He who spins before the poor, inviting them to do likewise, serves God as no one else does. 'He who gives me even a trifle as a fruit or a flower or even a leaf in the spirit of bhakti is my servant', says the Lord in the Bhagavadgita.
And He hath His footstool where live the humble, the lowliest and the lost. Spinning, therefore, for such is the greatest prayer, the greatest worship, the greatest sacrifice. (YI, 24-9-1925, pp. 331-2)
The world is weary of the after-effects of the War. Even as the Charkha is India's comforter today, it may be the world's tomorrow, because it stands, not for the greatest good of the greatest number, but for the greatest good of all. (YI, 10-2-1927, pp. 43-44)
I stand by what is implied in the phrase, 'Unto This Last'. That book marked the turning in my life. We must do even unto this last as we would have the world do by us. All must have equal opportunity. Given the opportunity, every human being has the same possibility for spiritual growth. That is what the spinning wheelsymbolizes. (H, 17-11-1946, p. 404)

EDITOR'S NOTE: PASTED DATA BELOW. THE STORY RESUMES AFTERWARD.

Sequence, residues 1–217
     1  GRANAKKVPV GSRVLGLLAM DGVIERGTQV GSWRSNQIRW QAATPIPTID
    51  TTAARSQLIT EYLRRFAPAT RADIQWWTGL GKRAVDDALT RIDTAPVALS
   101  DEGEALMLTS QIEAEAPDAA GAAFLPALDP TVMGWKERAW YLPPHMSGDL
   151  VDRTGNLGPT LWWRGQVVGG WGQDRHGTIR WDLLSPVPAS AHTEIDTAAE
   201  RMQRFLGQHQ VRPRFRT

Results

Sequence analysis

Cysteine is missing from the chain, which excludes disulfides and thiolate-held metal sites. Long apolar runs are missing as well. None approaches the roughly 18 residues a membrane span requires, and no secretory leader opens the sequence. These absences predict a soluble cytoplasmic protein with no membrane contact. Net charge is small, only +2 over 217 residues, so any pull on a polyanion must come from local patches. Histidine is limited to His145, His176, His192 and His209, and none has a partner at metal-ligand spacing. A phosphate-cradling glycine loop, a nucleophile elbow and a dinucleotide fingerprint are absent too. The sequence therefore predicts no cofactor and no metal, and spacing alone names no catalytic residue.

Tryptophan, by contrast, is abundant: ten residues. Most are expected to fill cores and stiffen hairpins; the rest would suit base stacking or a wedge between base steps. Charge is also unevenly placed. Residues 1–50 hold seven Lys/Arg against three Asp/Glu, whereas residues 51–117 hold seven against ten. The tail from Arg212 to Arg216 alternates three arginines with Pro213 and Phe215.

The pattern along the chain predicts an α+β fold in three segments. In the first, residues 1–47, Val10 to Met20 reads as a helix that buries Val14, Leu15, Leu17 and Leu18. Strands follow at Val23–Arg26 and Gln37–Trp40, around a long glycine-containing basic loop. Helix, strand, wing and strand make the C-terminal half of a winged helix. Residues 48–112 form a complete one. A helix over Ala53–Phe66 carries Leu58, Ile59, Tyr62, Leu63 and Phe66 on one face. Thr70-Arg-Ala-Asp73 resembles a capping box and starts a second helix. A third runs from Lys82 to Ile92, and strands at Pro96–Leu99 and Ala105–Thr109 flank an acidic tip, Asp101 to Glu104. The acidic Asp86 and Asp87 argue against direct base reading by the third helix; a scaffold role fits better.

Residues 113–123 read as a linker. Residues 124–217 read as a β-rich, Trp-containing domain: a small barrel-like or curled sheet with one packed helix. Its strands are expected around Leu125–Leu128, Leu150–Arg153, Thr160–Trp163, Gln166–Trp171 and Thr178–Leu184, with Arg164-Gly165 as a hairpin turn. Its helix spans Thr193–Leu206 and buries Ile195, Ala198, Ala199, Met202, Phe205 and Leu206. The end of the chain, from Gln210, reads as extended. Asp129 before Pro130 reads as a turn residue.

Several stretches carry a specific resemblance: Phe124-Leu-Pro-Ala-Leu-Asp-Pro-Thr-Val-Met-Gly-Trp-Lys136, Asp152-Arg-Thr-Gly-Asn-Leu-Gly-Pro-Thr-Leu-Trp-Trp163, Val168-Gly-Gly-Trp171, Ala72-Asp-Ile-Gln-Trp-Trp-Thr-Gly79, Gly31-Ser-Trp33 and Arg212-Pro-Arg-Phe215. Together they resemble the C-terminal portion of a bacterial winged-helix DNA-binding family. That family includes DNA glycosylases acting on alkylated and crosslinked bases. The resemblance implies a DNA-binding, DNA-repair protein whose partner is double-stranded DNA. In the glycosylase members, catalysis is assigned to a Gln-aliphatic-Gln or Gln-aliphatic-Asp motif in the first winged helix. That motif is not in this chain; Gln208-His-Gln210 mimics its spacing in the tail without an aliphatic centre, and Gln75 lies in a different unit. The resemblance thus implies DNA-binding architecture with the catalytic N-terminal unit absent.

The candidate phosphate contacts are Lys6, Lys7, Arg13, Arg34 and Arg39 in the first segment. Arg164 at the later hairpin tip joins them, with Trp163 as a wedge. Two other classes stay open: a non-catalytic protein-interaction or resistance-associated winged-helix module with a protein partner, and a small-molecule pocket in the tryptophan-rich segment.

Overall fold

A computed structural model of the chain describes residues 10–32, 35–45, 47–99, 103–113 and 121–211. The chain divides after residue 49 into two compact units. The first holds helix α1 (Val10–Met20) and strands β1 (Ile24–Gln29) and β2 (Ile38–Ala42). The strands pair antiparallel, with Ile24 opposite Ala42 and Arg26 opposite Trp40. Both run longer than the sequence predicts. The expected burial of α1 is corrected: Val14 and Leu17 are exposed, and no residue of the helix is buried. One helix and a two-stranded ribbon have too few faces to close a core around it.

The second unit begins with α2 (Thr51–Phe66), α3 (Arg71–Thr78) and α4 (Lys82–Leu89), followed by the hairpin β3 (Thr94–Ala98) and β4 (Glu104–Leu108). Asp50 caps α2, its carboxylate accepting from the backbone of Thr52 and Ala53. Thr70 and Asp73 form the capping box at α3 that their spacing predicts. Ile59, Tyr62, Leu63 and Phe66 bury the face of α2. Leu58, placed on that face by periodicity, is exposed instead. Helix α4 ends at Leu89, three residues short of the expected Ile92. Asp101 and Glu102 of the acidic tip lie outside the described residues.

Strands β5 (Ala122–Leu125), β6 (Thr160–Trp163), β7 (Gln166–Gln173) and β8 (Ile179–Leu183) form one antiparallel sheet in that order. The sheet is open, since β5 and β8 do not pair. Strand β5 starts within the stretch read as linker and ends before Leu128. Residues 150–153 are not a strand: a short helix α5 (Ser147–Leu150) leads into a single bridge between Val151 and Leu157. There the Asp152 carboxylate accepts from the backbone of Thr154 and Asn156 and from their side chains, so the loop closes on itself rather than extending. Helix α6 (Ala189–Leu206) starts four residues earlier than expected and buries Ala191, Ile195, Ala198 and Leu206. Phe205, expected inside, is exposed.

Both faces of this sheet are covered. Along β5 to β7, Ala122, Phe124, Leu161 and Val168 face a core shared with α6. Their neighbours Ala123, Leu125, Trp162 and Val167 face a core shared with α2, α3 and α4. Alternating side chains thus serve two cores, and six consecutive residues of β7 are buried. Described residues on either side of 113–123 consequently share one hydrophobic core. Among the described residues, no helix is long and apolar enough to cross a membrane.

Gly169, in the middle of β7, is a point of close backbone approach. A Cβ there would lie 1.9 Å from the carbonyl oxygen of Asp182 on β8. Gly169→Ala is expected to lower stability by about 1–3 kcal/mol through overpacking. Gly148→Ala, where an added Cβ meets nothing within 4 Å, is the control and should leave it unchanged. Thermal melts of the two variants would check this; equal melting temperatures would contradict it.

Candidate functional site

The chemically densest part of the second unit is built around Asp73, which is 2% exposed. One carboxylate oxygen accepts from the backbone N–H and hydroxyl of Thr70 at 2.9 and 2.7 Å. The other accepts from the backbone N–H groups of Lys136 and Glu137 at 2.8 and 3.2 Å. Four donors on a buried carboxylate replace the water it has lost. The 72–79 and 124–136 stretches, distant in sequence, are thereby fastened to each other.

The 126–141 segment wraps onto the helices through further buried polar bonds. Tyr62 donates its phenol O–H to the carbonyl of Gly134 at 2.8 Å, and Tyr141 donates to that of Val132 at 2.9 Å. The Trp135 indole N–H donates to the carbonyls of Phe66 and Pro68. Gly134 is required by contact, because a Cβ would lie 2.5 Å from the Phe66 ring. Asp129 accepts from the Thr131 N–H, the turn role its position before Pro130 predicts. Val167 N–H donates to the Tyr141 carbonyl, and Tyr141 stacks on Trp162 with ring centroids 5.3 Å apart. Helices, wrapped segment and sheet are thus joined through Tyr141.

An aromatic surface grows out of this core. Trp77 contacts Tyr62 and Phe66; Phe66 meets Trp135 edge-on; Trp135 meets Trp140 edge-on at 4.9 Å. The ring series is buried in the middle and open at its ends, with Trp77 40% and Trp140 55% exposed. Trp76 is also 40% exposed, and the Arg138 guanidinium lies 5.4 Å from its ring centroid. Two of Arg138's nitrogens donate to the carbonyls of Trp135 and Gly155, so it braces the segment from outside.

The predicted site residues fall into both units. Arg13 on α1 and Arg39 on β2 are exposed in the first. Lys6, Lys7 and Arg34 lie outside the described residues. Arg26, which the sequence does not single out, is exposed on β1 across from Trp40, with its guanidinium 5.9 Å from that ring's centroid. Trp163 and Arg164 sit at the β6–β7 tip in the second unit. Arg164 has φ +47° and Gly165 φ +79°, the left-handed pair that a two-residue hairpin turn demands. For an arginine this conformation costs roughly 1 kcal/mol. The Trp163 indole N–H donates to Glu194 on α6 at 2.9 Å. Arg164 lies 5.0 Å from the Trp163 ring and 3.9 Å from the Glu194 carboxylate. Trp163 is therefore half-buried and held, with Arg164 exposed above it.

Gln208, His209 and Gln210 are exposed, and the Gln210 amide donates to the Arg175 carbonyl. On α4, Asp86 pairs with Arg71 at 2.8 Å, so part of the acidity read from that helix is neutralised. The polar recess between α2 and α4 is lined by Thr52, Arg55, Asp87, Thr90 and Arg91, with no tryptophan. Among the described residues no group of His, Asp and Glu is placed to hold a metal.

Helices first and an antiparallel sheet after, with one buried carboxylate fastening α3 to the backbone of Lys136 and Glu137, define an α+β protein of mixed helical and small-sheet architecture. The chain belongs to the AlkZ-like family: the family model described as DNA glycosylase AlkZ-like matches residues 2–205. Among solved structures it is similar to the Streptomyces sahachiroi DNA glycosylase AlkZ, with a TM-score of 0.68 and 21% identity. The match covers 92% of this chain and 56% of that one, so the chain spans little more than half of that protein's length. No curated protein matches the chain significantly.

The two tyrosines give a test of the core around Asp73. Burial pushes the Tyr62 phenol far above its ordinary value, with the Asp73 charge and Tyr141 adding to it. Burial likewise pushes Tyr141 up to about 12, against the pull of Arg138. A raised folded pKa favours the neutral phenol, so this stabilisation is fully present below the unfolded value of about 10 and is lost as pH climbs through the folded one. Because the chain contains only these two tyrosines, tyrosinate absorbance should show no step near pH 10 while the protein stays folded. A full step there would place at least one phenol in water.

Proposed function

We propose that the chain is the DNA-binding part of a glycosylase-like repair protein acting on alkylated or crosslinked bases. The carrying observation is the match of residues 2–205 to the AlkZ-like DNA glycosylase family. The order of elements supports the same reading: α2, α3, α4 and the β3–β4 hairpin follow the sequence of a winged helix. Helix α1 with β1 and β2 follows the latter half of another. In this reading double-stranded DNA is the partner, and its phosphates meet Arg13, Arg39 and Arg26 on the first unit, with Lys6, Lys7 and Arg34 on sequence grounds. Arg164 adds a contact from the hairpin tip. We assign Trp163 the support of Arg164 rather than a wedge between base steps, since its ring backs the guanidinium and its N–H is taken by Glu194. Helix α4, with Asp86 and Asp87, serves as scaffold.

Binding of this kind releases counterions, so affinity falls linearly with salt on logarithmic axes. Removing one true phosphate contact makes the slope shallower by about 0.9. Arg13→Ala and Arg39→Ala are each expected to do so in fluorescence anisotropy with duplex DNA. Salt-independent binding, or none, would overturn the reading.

Identification with everything that lives is impossible without self-purification; without self-purification the observance of the law of ahimsa must remain an empty dream; God can never be realized by one who is not pure of heart. Self-purification, therefore, must mean purification in all the walks of life. And purification being highly infectious, purification of oneself necessarily leads to the purification of one's surroundings.
But the path of purification is hard and steep. To attain to perfect purity one has to become absolutely passion-free in thought, speech and action; to rise above the opposing currents of love and hatred, attachment and repulsion. I know that I have not in me as yet that triple purity, in spite of constant ceaseless striving for it. That is why the world's praise fails to move me, indeed, it very often stings me.